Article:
A Way Without Words: Mummenschanz Mimes Celebrate 40
January 4, 2013
Mummenschanz co-founder Floriana Frassetto is surprisingly chatty for a mime. "Well I suppose I shut up the whole day, then I have to let it out," she says with a laugh.
Her experimental Swiss mime troupe took Broadway by storm in the 1970s. Now the masked performers are bringing their hard-to-describe characters back to the U.S. for a five-month national tour celebrating the troupe's 40th anniversary.
Mummenschanz isn't your white-faced, Marcel Marceau mime. The bizarre masks, costumes and choreography cloak the human form to tell stories that convey messages about our lives.
In one act, two performers dressed in black, wear velvet masks with large notepads attached — two for eyes and one for a mouth. They pull out fat, magic markers and doodle eye and mouth expressions on individual sheets of the pads. Wide eyes and smiles turn into pouts and grimaces as the notepads engage in a silent conversation as the pages are ripped off.
It's a competition to see who gets the last word, explains Frassetto, who is one of the three performers who dreamed up Mummenschanz's "Notepad People" in the early 1970s.
"Finally, they just don't find the correct communication level and so they start tearing one another's faces off," she says. "Occasionally it happens in life."
Another Mummenschanz creation is a creature Frassetto calls "The Blob." On stage it struggles to get its amorphous figure up onto a platform. "It's trying to get on a higher level and it doesn't find the balance," Frassetto explains. "And as soon as it finds the balance, it gets sucked down and it falls of. So everyone identifies with it."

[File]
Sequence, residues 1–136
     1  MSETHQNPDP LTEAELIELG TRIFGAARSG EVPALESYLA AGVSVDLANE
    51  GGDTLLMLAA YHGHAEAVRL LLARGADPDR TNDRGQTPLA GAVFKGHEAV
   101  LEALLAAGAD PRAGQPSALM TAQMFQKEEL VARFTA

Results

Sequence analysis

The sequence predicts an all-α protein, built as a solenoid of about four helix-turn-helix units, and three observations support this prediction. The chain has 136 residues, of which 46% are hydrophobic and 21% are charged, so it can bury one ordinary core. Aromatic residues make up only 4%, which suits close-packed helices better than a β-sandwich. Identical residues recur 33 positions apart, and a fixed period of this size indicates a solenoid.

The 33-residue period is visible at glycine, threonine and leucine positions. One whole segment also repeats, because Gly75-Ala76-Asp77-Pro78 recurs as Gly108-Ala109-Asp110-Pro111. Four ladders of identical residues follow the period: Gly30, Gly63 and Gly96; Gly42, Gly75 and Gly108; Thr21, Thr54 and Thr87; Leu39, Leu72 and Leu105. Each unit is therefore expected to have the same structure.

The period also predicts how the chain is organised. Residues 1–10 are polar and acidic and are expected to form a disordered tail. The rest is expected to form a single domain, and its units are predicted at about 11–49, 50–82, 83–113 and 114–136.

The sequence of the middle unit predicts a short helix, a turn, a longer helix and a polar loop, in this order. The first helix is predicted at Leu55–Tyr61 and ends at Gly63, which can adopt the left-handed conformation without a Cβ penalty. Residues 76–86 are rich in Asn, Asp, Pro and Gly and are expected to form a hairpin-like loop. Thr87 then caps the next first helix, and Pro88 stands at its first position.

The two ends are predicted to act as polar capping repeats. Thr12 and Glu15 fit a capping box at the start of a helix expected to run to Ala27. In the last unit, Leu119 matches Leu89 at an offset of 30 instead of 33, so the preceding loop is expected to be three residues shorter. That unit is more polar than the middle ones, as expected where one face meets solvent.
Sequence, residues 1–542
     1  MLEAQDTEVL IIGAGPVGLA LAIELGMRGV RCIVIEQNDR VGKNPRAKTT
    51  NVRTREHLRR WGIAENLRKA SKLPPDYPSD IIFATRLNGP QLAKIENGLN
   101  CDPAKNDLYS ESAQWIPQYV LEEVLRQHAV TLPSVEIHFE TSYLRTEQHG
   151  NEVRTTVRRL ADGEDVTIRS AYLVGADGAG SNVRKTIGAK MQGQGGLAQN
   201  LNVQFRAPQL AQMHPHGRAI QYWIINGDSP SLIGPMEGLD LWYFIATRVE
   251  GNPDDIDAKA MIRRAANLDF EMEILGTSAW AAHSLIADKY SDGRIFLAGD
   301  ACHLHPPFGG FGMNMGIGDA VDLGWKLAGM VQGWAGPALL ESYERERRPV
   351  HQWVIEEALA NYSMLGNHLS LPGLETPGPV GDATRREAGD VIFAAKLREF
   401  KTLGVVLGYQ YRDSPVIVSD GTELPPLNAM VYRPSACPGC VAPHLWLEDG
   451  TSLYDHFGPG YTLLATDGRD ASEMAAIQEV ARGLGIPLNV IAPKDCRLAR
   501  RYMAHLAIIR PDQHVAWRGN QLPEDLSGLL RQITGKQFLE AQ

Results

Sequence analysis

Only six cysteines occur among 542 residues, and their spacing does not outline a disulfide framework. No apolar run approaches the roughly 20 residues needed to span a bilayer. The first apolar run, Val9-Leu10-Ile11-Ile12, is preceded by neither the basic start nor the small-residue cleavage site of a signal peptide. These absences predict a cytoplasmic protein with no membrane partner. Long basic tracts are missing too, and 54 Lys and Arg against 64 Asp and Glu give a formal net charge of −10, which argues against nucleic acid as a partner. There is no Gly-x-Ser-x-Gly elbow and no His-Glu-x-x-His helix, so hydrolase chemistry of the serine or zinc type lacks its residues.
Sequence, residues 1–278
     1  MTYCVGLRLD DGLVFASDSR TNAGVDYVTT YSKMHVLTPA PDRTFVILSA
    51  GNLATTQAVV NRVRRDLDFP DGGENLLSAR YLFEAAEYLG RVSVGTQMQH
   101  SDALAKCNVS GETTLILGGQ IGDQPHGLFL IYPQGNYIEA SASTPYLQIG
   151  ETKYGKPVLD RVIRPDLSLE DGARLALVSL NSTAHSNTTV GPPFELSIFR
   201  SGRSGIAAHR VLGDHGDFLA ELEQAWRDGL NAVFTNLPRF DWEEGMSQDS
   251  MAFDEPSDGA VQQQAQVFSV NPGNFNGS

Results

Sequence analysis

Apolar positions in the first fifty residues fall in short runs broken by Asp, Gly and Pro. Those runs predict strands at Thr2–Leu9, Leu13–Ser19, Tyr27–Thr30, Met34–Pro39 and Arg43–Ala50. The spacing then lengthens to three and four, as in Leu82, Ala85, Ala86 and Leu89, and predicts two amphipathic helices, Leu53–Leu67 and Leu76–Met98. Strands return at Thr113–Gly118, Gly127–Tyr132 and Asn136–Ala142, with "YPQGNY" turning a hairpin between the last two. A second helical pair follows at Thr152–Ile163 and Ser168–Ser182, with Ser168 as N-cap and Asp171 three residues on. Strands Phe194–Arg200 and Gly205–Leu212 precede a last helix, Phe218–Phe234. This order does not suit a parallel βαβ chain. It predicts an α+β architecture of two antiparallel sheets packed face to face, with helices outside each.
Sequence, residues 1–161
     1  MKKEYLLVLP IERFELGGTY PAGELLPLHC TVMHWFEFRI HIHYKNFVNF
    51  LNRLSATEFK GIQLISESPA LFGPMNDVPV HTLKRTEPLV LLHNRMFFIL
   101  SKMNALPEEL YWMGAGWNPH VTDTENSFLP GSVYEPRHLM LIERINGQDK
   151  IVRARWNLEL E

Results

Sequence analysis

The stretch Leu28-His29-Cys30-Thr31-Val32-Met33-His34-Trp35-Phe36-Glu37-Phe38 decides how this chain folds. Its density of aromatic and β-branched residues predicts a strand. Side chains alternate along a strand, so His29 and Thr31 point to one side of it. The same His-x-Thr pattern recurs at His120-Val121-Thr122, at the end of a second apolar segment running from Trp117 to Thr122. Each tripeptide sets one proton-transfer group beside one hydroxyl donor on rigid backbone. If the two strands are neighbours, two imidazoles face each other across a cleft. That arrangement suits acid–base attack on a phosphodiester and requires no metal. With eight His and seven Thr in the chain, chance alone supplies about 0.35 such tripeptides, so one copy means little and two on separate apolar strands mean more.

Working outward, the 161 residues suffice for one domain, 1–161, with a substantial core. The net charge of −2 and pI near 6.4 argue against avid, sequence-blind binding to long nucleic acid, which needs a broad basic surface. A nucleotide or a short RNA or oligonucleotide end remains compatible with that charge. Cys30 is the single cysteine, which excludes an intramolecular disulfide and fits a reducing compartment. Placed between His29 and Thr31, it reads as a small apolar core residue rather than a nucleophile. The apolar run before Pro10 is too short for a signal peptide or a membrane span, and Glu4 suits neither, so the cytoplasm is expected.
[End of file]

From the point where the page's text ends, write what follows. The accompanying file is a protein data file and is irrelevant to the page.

A Wordless Revolution
Mummenschanz began in Switzerland as three artists and hippies with counter-cultural ideas. Frassetto, Andres Bossard and Bernie Schurch also had an eye for trash. They recycled ventilation tubes into giant Slinkys they could crawl inside and animate on stage. They used toilet paper rolls, suitcases, masking tape, wads of clay — and they took their junk around the world.
When they landed on Broadway in 1977, Frassetto says, they thought they'd barely be there long enough to send postcards back home to Europe. But "then we started selling out for the next X months and we stayed on three years," she says.
At the time, the show was revolutionary. Kermit the Frog, who was ahead of the curve, hosted Mummenschanz on the Muppet Show in 1976. They performed an act that depicted a human-sized caterpillar's plump, plush body as shimmies up a ramp. When it curls up into a ball — like a waterbug does — it looks strong and graceful, offering a hint of the athletic performer inside. That caterpillar was one of the creations that made Mummenschanz an international success.
In 1992, Bossard died of AIDS, but the troupe carried on. Schurch, the third performer and Frassetto's ex-husband, moved off the stage and into the director's chair for this tour, so Frassetto is working with three new members, including Philip Egli, a choreographer and dancer from Switzerland.
The 46-year-old Egli grew up on Mummenschantz. "In Switzerland it's a brand like the Swiss chocolate almost," he says. One of his very first theater experiences was seeing Mummenschantz with his mother and siblings in Zurich.
Mummenschanz makes us see objects and ourselves differently, Egli says. Nothing is as it appears. Recently, the troupe took a lunchtime audience by surprise with a pop-up performance in Boston's Quincy Market. A huge, gloved hand — as big as a person — sits on top of legs in black tights. It sneaks up and grabs a passerby. The effect is surreal — and funny.
Brian Woods, 42, was in Boston for business and had no idea what he was watching. "This is a pretty cool act," Woods says. "Innovative! I've seen things like Blue Man Group, but I've not seen anybody do anything quite like this, so this is pretty cool." (The magazine Variety actually described Blue Man Group as "Mummenschanz on acid.")
Egli says the genius of the troupe lies in its simplicity. "The most beautiful pieces — also in dance — they start from a black space," he says. "They don't start with the set, the costumes and the big lighting and the great story. They start with some people on stage."
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